Occupy The Movies:
A dozen reasons the movie “It’s A Wonderful Life” is just like
the Occupy Wall Street movement:
You have probably seen the movie, “It’s A Wonderful Life”, starring Jimmy Stewart. It is based on the 1943 short story “The Greatest Gift” by Philip Van Doren Stern. Though, it all could be happening right now…
1. Handmade Signs
In It’s a Wonderful Life, Mary Hatch Bailey (played by Donna Reed) makes a hand-painted sign that reads, “George Lassos The Moon”.
The Occupy movement is known for its thousands of hand-made protest signs. We have some sample photos at our onthewilderside Flickr: here.
2. Place names get switched back and forth, in a struggle with the 1%.
“It’s A Wonderful Life” starts in the homey, imaginary town of Bedford Falls. In the alternate reality scenes of It’s A Wonderful Life, the small town of Bedford Falls becomes Pottersville, after the greedy banker Henry F. Potter (played by Lionel Barrymore). At the end of the movie, when everything is restored to normal, it is Bedford Falls again.
In NYC, there was a park called “Liberty Plaza”. In 2006, it was renamed “Zucotti Park”, after John Zucotti, the CEO of a property management company that is cozy with the NYC Mayor. In 2011, the occupiers reclaimed the space for liberty and the grassroots, by renaming it “Liberty Square”. [Background info at Wikipedia: here]
3. There’s a run on the banks.
Well, there is definitely a run on the banks in “It’s A Wonderful Life”.
There may be a run on the banks in post-occupy America, if the economy continues to slide downhill. Though, what Occupy Wall Street has participated in is an attempt to take money from the megabanks — who tanked our economy and received bailouts and bonuses — and put that money to better use in community banks and credit unions. For more information and credit union info, see our Peace Couple post about Bank Transfer Day and International Credit Union Day: here.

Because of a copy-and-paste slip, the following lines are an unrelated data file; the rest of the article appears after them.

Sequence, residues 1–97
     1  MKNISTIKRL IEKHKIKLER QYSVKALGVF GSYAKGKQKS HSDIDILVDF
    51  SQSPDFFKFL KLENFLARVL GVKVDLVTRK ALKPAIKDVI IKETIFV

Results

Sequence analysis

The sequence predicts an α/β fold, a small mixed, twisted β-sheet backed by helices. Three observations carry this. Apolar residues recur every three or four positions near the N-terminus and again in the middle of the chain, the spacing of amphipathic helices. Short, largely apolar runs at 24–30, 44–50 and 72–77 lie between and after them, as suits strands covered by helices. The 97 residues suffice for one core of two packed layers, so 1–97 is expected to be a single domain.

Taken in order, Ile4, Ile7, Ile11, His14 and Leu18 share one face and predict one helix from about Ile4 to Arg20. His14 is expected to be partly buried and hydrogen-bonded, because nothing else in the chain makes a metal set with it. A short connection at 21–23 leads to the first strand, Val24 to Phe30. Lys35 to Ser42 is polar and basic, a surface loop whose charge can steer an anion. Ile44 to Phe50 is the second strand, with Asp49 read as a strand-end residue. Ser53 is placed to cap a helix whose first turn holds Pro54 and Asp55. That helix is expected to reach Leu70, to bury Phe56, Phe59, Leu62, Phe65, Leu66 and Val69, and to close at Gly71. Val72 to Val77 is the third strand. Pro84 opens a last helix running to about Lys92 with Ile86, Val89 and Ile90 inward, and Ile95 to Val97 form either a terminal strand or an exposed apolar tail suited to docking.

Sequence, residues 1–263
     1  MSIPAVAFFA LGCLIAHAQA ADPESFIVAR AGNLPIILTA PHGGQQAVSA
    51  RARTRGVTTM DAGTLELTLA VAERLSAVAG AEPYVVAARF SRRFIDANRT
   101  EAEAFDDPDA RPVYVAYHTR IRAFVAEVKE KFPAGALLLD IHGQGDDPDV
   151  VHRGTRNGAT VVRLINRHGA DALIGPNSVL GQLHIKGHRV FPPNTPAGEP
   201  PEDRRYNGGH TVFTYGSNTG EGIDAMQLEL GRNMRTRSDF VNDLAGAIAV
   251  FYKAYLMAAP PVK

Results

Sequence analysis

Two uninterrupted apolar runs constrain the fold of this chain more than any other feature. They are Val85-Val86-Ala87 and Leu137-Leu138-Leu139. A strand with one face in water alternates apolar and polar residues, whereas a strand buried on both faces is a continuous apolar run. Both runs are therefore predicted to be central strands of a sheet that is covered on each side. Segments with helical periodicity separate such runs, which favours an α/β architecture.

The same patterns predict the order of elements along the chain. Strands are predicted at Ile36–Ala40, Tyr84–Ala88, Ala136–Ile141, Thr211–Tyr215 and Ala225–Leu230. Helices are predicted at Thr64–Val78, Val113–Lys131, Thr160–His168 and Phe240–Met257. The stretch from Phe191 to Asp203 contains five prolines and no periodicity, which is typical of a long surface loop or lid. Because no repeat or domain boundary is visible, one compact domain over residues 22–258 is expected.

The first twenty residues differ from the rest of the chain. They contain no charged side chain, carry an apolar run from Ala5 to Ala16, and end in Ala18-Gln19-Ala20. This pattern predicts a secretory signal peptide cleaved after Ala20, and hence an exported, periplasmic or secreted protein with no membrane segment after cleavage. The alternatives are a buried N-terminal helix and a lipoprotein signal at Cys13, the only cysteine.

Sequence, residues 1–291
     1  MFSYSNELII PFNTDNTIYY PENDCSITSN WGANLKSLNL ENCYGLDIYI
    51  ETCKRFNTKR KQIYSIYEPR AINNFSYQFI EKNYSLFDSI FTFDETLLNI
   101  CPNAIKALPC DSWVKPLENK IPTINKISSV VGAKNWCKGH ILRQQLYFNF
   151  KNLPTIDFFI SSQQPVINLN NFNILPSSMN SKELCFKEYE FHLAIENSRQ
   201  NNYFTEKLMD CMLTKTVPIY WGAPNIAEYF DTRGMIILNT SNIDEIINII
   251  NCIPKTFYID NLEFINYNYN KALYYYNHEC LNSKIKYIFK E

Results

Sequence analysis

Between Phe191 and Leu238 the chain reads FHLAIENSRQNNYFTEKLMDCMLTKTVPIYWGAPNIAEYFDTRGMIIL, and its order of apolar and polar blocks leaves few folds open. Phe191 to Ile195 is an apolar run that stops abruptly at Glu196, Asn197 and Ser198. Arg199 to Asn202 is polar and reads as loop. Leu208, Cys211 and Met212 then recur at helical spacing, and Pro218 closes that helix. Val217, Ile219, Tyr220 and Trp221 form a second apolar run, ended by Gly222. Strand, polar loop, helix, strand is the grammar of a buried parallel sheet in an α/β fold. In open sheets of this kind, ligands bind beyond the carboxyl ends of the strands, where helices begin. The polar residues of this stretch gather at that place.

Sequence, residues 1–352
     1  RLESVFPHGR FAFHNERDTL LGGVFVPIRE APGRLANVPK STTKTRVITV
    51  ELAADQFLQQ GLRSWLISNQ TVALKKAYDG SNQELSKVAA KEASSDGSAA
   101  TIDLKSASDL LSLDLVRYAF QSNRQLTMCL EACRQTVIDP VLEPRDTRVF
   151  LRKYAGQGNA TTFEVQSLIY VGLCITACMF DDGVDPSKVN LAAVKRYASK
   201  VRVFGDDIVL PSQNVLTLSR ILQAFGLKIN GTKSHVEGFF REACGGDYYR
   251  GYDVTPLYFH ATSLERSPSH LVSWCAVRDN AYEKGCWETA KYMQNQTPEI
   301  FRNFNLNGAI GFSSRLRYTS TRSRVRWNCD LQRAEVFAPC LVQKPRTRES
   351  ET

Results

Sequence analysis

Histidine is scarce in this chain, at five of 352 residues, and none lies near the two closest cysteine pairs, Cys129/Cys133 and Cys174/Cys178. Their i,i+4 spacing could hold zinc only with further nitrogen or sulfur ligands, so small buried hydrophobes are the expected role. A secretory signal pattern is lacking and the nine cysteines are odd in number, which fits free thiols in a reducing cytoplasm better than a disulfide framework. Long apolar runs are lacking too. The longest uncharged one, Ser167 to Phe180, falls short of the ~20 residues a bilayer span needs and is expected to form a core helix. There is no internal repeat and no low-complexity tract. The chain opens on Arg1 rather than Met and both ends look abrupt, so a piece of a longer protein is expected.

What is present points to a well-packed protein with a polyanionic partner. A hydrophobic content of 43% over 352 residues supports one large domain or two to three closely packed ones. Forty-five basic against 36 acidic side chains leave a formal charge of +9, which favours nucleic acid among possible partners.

To re-live the scene where Jimmy Stewart, as George Bailey, nurtures the goodwill of his community, and explains the value of his small, local, building and loan, see this Youtube clip from It’s A Wonderful Life below:
4. The 1% control the leadership and stifle true opportunity.
In the movie, George Bailey becomes disgusted, exclaiming, “This town is no place for any man unless he’s willing to crawl to Potter.”
In 2011, the folks who became Occupy Wall Street realized that having our US government crawl to the whims of bankers and corporations, was destroying all hope for justice and opportunity in America.
The official Declaration of the Occupation of New York City states: “We come to you at a time when corporations, which place profit over people, self-interest over justice, and oppression over equality, run our governments…They have donated large sums of money to politicians, who are responsible for regulating them…”
5. The police force can be friendly, but fickle.